Techniques that Help Prevent Deepfakes in Banking
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What Is Deepfake Detection in Banking and Its Role in Anti-Money Laundering?

Financial institutions are facing a new breed of criminals armed with the power of artificial intelligence. In 2023, the banking industry saw a massive increase in financial fraud using deepfakes – hyper-realistic synthetic media. According to the Identity Fraud Report, there was a 3,000% rise in deepfake attempts to bypass security measures. This translates to a 31-fold year-over-year jump, highlighting the urgency of the situation. 

The cause? The democratization of generative AI and user-friendly face-swap apps. These tools have empowered criminals to craft ever-more convincing deepfakes, jeopardizing the integrity of identity verification and opening a backdoor for sophisticated financial fraud. In 2023, nearly 60% of banks, fintechs, and credit unions experienced direct fraud losses exceeding $500K

This alarming trend shows that financial institutions need to update their security measures beyond standard Know Your Customer (KYC) checks to tackle new digital threats.  

Types of Financial Frauds Enabled by Deepfakes 

The complex technology behind deepfakes allows them to generate hyper-realistic forgeries of video, audio, and other media formats. This is morphing them into a versatile weapon for financial criminals.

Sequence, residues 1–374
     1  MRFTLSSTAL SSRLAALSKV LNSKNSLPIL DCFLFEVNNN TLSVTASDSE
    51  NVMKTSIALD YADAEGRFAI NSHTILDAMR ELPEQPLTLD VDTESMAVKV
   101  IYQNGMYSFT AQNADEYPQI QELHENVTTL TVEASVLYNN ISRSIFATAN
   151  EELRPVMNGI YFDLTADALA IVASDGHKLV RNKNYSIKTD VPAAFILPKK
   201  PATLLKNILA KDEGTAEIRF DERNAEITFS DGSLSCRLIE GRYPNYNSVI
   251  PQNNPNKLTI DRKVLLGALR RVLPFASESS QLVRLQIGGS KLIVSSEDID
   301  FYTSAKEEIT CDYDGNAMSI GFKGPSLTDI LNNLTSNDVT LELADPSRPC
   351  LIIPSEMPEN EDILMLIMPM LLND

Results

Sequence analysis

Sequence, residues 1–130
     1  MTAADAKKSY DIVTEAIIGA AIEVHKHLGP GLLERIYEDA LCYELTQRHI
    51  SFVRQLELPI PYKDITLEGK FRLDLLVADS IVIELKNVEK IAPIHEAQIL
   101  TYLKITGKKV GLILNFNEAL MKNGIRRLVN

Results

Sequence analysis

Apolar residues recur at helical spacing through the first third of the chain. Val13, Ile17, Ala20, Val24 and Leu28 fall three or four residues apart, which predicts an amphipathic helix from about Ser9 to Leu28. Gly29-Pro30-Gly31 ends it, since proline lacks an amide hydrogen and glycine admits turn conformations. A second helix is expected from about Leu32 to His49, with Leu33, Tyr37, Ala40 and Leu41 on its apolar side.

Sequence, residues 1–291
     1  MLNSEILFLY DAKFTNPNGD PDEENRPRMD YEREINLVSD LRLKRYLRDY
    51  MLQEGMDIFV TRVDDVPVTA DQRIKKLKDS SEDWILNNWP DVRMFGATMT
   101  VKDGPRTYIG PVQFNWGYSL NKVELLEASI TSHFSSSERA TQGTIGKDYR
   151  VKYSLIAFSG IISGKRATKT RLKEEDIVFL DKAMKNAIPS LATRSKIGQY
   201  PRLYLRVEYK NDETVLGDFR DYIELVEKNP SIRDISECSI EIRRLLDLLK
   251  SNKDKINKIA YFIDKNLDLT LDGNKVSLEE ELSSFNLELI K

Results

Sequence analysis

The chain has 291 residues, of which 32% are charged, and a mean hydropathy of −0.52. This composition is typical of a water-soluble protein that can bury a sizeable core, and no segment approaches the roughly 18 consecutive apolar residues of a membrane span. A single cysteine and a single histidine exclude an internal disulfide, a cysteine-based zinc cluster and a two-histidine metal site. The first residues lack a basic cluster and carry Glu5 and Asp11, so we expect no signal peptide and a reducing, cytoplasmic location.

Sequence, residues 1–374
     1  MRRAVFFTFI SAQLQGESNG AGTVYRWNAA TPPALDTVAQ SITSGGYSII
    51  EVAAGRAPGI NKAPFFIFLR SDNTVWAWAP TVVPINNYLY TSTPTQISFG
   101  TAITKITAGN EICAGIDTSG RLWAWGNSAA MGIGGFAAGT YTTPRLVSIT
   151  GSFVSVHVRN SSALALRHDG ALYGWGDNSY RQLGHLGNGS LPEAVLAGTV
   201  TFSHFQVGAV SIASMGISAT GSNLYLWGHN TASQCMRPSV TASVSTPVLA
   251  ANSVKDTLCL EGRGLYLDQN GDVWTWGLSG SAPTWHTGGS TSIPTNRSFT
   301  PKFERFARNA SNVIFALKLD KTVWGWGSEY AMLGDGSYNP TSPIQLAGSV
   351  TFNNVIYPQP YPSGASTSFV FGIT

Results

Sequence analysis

Here’s what stands behind deepfake technology: 

How Deepfake Technology Works

Let's take a glimpse into the different ways criminals are leveraging this technology:

  • Identity theft. Deepfakes can impersonate legitimate customers during account opening or verification, thus bypassing standard checks. A Regula survey paints a concerning picture: 37% of organizations encountered deepfake voice fraud, and 29% have fallen victim to deepfake video scams. While AI-generated deepfakes are a growing concern, another cunning tactic is on the rise: synthetic identity fraud, also known as "Frankenstein IDs." Just like its namesake monster, these identities are stitched together from bits and pieces of real and fake information to create entirely fabricated personas. According to a Regula survey, nearly 46% of organizations globally faced this "Frankenstein" threat in 2022. Fraudsters use these synthetic identities to open fraudulent accounts, make unauthorized purchases, and disappear with the loot – leaving financial institutions holding the empty bag.